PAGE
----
Almost with every other program used to backup data, there are three main types of backup levels. When adding your jobs to the Bacula director, Bacula allows you to set your backup level to one of three levels.

Full backup

A full backup is as the name suggests a complete backup of all the contents on the specified drive or directory. Full backups are typically the least efficient of all the backups and require the largest amount of disk space.


An incremental backup is a backup which allows you to backup only the files which have been modified sine the last backup.


A differential backup is a backup which only backs up the files which have modified since the last full backup.

Scheduling your first job

Now that you know a bit more about Bacula, some of the features of Webacula will now be easier for us to learn to use. When first installing Bacula, two backups will be scheduled by default: these are BackupClient1 and BackupCatalog. The client is the machine which has bacula-fd installed on it, which in this case is the machine we are using. The catalog is a list of all the files and details about each file stored in the database, the catalog keeps track of size and modification date in order to indentify if a file needs to be backed up again if you’re using a incremental or differential backup.

For this tutorial we will just be doing a simple backup of the client to the /backup folder which we setup earlier during the installation. So let’s open up our bacula-dirs.conf file and take a look a closer look at our default jobs.

We can skip the Director section at this stage and move directly onto the JobDefs section. The JobDefs section defines how each job will run, you can create multiple JobDefs or you can just stick with the default one. In this case we will use the default JobDefs, but you should copy and paste the block of code and comment out of the second block so that you have a reference incase you make a mistake or want to revert back.

JobDefs { Name = “DefaultJob” Type = Backup Level = Incremental Client = bacula-fd FileSet = “Full Set” Schedule = “WeeklyCycle” Storage = File Messages = Standard Pool = Default Priority = 10 }

Let’s say for this tutorial that we want an incremental backup of all text files on our client inside the /var/www/html directory to be performed once weekly. Taking a look at our default job definition we can see that the level is already incremental, but our FileSet is set to Full Set. The Full Set is a backup of all the files on the client inside the /usr/sbin directory, which is not what we want. If we take a look below we can see our default FileSet, so let’s copy and paste this file set and create a new one with a few different values.

FileSet { Name = “Full Set” Include { Options { signature = MD5 } File = /usr/sbin } Exclude { File = /var/spool/bacula File = /tmp File = /proc File = /tmp File = /.journal File = /.fsck } }

The first thing we want to do is modify the name of the file set to something suitable such as Apache Text, we also need to modify the File directory to /var/www/html. Next we need to add a few extra lines to Include {} which tells Bacula that we only want to include text files. We can do this by adding wildfile = “*.txt”. It should look something like this when you’re done.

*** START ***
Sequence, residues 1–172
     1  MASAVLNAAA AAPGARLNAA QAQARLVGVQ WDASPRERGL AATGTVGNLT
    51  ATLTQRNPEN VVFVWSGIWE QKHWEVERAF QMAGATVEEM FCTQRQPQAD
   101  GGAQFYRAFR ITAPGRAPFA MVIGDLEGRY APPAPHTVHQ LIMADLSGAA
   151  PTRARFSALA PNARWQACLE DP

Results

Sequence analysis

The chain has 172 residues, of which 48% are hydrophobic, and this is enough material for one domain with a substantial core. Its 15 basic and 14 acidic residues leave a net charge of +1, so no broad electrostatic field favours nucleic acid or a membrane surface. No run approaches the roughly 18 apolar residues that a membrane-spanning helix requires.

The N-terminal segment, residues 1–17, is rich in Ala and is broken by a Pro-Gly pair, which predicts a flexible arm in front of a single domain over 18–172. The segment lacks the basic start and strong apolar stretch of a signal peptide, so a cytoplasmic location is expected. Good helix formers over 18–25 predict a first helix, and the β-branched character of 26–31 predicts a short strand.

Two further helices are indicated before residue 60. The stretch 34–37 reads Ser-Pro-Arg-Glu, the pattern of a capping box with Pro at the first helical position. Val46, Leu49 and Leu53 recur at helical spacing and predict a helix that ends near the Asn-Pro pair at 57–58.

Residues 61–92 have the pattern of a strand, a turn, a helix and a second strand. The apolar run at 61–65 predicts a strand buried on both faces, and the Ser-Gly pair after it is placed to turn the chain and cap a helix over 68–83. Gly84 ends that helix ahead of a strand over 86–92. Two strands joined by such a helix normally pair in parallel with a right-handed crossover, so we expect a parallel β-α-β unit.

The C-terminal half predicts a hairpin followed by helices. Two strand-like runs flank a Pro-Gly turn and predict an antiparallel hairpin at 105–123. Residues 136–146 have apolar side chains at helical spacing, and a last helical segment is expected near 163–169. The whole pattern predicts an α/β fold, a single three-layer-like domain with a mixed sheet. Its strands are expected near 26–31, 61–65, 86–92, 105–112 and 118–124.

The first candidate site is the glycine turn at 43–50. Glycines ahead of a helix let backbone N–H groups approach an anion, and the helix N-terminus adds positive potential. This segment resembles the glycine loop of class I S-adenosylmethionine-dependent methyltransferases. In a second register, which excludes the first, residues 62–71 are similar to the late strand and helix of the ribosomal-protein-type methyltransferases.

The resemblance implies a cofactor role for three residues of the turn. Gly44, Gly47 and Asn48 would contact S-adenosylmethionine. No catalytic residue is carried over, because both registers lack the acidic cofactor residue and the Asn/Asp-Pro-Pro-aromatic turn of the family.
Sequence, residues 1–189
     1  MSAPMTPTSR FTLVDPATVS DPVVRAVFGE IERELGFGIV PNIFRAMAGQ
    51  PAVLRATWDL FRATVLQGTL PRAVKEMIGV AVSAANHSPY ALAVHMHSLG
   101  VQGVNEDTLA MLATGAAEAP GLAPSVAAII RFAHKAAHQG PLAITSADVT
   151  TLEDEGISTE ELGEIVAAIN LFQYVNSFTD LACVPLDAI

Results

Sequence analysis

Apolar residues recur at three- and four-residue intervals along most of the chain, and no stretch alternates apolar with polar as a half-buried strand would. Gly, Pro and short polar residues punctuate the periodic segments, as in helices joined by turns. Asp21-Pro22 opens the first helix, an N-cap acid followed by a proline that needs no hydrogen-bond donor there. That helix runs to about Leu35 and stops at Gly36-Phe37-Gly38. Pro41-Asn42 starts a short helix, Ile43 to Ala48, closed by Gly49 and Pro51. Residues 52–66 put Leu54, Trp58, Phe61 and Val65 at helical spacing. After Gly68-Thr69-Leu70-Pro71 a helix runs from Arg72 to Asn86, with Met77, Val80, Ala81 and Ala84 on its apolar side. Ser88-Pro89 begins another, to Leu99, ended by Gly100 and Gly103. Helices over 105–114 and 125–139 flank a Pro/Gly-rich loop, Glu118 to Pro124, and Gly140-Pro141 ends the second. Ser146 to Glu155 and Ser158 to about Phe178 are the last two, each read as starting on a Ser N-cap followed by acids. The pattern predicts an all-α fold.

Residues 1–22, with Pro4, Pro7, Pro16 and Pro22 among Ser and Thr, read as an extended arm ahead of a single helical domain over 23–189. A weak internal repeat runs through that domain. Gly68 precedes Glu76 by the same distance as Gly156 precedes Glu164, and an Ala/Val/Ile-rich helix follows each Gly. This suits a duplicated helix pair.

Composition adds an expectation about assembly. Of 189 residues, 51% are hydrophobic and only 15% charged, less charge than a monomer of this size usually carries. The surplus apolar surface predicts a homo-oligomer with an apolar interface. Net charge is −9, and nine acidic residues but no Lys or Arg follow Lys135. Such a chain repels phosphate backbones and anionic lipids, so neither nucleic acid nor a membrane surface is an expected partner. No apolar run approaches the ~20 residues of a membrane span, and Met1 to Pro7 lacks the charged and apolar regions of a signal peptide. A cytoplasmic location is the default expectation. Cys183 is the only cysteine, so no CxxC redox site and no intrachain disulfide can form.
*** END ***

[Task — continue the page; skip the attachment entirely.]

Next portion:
FileSet { Name = “Apache Text” Include { Options { signature = MD5 wildfile = “*.txt” } File = /var/www/html } }

Now we will need to go back to the JobDefs section and modify the following lines to suit our example backup scenario.

JobDefs { Name = “Apache” Type = Backup Level = Incremental Client = bacula-fd FileSet = “Apache Text” Schedule = “WeeklyCycle” Storage = File Messages = Standard Pool = Default Priority = 10 }

Next we need to create the job, give it a new name and tell it which JobDefs to read. It’s also a good idea to give the bootstrap a new name in case you want to run multiple jobs. The bootstrap file contains statistical information about what files are to be restored and can be read through a text editor once created.

Job { Name = “BackupApacheText” JobDefs = “Apache” Write Bootstrap = “/var/spool/bacula/Apache.bsr” }

Once you have finished writing to bacula-dirs.conf, be sure to save the file and restart the bacula director service using “service bacula-dir restart” and your job will now be setup.

Monitoring your jobs

You can now start using Webacula to monitor and view running jobs, storage and client information. Using your browser, open up http://localhost/webacula and browse to the job section. From here you will be able to force your job to start, restore your last backup or view errors which have happened during your backup. If you click on run under jobs you will be able to schedule a time for your job to run.

Before you run your first job you will need to go into the Bacula Console under desktop or bconsole from the terminal and create a label for your new volume. Simply typing in label, giving it a name and putting it in the default pool will be enough to allow you to run your first job. You can modify details about the volume later on through the Bacula console or through the Pool/Volume section of Webacula.

The first time you run your job, the backup will be a full backup, so depending on how many files you have means it may take longer. However, any additional backups you run will be incremental, so you can expect the incremental backups to be a lot quicker.


Categories: linux